I can only speculate about FEFF’s programming logic. But if FEFF is competing for Asian genre titles with other festivals, perhaps some titles are passed over because they are no longer available as premieres. Perhaps others are picked precisely because they are available. Wolf Warrior II was billed as an “international festival premiere”. Perhaps a package has to be taken from a distributor to secure an especially desired title, or promises have to be made about screening slots. In the year of #metoo, there was an entirely appropriate commitment to showing as many films by woman directors as possible. But by the end of the week, I had regretfully realised that a premiere could be a sign that no one else wanted the film and that being a woman was no guarantee of being able to direct.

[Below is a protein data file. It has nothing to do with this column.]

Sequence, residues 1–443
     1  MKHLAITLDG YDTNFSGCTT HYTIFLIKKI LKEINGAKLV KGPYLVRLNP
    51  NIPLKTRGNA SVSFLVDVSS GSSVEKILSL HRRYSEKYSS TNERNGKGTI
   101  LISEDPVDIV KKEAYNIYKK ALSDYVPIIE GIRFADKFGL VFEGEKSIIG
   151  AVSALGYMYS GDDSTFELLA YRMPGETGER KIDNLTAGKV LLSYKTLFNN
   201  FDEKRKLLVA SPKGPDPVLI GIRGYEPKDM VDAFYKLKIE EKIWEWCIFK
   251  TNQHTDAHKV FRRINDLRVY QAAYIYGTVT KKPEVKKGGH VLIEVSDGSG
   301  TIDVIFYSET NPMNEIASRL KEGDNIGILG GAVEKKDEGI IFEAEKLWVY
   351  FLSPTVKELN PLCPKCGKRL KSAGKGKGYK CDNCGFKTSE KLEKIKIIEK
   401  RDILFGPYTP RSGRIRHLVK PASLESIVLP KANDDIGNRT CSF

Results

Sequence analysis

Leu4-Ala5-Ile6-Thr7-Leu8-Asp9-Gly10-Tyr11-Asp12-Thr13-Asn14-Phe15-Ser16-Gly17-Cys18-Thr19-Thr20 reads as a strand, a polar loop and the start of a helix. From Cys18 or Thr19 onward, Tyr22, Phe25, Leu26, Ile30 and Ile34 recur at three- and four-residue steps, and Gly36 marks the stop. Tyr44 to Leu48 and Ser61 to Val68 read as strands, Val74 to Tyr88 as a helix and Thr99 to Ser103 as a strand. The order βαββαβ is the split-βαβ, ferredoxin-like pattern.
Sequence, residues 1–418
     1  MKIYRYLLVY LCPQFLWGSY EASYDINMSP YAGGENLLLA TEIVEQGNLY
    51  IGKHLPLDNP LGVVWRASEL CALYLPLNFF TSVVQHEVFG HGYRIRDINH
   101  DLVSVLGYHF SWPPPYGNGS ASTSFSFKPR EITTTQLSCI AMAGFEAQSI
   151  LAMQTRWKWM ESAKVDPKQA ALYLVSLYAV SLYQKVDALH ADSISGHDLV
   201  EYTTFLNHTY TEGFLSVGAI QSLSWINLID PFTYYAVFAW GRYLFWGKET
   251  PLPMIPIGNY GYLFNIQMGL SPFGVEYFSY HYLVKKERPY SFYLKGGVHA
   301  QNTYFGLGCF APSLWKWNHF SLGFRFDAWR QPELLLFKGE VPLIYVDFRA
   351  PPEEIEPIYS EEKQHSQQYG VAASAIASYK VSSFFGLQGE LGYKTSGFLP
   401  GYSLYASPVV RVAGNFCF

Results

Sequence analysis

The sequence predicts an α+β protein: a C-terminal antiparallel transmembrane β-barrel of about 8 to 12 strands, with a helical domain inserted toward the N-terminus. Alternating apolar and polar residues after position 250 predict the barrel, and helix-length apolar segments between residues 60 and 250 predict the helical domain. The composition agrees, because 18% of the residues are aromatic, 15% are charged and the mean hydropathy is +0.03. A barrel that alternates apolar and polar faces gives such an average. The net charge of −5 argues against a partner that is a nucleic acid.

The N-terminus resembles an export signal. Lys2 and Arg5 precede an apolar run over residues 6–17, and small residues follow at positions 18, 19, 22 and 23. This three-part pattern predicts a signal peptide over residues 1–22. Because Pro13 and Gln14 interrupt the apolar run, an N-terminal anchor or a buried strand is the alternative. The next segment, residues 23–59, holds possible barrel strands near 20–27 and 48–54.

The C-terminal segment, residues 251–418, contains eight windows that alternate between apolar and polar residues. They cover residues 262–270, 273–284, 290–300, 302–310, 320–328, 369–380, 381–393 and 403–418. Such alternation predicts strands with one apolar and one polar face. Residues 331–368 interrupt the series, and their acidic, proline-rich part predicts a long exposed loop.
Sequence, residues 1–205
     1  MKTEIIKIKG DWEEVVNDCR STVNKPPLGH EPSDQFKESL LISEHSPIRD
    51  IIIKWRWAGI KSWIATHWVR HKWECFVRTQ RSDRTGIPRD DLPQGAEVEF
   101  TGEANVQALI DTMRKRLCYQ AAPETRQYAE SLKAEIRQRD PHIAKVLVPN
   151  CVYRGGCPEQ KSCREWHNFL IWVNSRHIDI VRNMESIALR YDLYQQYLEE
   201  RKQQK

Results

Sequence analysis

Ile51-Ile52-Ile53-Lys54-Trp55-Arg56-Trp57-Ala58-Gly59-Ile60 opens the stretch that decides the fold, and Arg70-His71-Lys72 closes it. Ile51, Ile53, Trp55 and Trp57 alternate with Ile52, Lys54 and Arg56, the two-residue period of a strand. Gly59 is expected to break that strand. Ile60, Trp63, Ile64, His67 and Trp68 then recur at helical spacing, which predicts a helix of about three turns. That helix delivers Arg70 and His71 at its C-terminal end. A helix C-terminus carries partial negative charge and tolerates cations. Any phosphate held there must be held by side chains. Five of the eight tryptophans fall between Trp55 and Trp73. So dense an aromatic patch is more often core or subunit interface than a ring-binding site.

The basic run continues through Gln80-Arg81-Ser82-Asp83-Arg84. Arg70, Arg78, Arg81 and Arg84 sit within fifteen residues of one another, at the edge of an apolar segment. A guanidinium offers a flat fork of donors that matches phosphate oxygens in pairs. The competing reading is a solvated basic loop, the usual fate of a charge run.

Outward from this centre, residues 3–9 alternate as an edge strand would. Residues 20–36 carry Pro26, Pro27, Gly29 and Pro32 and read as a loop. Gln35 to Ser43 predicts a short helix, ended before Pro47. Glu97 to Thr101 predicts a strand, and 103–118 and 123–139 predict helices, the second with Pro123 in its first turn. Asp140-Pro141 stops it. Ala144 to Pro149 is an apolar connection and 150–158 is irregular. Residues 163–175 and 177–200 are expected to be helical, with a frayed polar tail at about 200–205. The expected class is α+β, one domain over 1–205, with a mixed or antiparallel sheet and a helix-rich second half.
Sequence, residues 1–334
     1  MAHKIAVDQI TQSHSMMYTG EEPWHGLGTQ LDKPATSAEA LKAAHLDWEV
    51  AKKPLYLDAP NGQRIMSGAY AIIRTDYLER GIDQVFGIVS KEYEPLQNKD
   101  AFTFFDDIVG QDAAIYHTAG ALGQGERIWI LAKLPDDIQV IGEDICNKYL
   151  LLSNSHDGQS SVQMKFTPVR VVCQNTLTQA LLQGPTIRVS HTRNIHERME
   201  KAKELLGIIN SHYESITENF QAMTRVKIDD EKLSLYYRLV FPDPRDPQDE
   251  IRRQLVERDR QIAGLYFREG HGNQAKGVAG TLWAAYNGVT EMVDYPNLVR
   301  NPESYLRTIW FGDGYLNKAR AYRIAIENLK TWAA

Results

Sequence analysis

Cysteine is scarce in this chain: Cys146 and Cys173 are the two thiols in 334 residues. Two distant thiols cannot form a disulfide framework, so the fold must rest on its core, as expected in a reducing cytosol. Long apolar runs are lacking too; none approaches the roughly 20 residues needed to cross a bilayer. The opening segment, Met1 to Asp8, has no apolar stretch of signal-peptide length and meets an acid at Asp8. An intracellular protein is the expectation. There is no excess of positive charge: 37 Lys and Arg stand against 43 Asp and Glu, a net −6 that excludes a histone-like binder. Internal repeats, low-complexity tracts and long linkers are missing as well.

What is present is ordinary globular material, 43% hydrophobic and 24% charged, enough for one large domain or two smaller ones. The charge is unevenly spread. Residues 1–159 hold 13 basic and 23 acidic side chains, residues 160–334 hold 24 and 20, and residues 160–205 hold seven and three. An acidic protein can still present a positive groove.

However, this year’s FEFF was not short of highlights. The audience awards demonstrated the continuing strength of South Korean cinema, which, with 16 films, was the largest national contingent in the program. The Golden Mulberry went to the South Korean political thriller 1987 (1987: When the Day Comes, Jang Joon-Hwan). Focusing on the struggle to expose the truth behind a student’s death in custody, this gripping account of a crucial true story in the overthrow of military dictatorship won a standing ovation from the Udine audience. Earlier in the morning, a smaller but equally enthusiastic audience gave another ovation to Gwon Gyung-won for his documentary, Gukga-e Daehan Ye-ui (Courtesy to the Nation) about another case of student wrongful arrest and torture. Ironically, this case happened in 1991, under the rule of Roh Tahwoo, the president who overthrew the military and whose biography formed the basis for Byeonhoin (The Attorney, Yang Woo-suk), a FEFF hit from a couple of years ago. After a shaky start with too much reliance on talking heads, the film builds to a more poetic, poignant and ultimately rousing conclusion.